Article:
I just had an excellent weekend.
I was down at Bridgewater drop zone in Victoria where I was the instructor for eight people intent on becoming part of a very select group – that group who find absolute bliss in falling towards the planet at high speed.
I take great delight in hearing why people want to skydive, and as part of the introduction to the course I try to get into the students heads to see how they tick. This group’s reasons for considering skydiving as a form of relaxation were as varied as they were valid.
The Power of Advertising – The cool, young dude who wore his pants down around his knees in the contemporary style and buried his head in a hoodie. He just wanted to experience something he’d seen on television.
Payback – the older lady on the course just wanted to get back into it having already experienced two tandem skydives before she completed an AFF course and did her Stage 1 jump twelve years ago. She’d gone on to have children and do the domestic thing after that first free fall jump and thought it was now time to do something for herself.
Wait For Me!– A group of three young blokes booked in together; two of them wanted to jump and eventually fly wingsuits, and the third decided he wouldn’t be able to cope if they got to that stage and he was left behind to play catch-up.
Peer Pressure – The young lady on the course who succumbed to continual badgering from two of her friends who were already accomplished skydivers.
What About Me? (perhaps a subset of the Mid Life Crisis group) – The forty-year old gentleman who decided that now was the right time to give it a go considering he’d done the “marry and have kids, get a mortgage and be a slave to The Man” part of life.
Fear No Evil (Kneivel?) – The last member of the group who said he’d never found anything in life that scared him. He was hoping skydiving might be able to unclog his adrenal gland.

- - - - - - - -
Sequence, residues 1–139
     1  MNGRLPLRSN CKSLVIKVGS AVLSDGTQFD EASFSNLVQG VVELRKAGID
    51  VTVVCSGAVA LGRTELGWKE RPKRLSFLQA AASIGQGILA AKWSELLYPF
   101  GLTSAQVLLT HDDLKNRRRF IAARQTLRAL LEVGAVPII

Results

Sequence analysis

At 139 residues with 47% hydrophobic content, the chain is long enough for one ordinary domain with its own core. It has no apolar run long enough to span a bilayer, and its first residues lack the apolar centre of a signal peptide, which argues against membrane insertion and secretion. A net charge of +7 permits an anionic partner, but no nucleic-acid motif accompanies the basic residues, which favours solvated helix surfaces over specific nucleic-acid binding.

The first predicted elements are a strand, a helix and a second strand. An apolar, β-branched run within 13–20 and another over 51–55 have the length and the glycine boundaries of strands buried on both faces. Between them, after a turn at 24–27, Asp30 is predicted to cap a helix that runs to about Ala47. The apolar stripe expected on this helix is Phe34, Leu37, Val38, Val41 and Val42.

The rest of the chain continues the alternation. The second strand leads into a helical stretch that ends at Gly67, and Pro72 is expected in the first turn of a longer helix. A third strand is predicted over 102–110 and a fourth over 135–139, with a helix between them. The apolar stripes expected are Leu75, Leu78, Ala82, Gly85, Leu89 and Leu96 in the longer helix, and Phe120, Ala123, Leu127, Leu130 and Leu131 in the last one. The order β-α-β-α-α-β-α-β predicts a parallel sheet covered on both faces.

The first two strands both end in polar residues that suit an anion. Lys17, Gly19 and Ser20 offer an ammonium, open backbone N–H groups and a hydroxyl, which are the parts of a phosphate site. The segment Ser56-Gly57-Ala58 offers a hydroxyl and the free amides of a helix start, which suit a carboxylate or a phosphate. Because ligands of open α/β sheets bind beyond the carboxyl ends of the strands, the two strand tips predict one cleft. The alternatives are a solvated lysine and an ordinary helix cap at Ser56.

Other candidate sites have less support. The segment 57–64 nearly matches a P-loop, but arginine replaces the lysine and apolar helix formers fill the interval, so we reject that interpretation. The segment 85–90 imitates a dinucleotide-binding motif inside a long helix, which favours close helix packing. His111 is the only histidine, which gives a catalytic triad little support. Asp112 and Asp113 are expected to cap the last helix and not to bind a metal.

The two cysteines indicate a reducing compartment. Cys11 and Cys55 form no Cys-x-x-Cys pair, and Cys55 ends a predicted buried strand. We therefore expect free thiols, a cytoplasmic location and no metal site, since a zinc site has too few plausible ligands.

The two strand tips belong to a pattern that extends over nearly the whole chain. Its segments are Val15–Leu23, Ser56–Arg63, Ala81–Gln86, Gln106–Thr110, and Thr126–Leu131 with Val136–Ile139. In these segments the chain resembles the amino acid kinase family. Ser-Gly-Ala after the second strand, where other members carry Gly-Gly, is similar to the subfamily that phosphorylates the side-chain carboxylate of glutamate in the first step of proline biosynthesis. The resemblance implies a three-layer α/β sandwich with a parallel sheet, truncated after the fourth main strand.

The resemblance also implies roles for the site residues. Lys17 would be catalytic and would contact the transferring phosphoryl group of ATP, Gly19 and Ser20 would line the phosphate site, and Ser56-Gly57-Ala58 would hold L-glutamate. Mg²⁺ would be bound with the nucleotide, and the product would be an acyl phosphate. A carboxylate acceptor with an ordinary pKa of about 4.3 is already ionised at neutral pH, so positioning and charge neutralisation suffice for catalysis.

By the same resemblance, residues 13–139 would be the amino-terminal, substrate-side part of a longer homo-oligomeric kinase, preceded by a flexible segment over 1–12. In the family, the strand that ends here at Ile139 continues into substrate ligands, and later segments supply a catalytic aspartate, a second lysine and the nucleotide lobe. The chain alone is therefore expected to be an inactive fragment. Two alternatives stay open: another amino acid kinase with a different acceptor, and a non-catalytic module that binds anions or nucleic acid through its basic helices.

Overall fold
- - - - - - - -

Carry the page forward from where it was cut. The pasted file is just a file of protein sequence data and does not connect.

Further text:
Eight souls from completely different walks of life, each looking for that certain, special something.
They handled the theory part of the course well, assimilating the information with interest and enthusiasm, and in the process asking some very good questions. There was none of the “how many people die” stuff I sometimes get asked by students.
They also coped well with the practical drills, especially the emergency procedures section. When you tell someone their reserve parachute isn’t their second chance it’s their last chance it’s amazing how quickly their ears prick up and their attention becomes focussed.
The overnight break from the classroom allowed their brains to analyse and sort all of the information they’d been given, and the next day they arrived eager and for the most part totally on top of their drills.
Some intense workouts in the training harnesses proved they had reached the required standard, and it was with a great deal of pride that I watched each of them being geared-up and escorted to the aircraft.
As each one landed their parachute I experienced that feeling I hope will never disappear. It’s the reason I drive nearly two thousand kilometres on the second weekend of each month to run the AFF course.
Eight people just threw themselves at the ground from a great height and missed.
And all walked away with a smile.
Living the Dream – The guy who gets to do this every month – me.
It’s the best job in the world.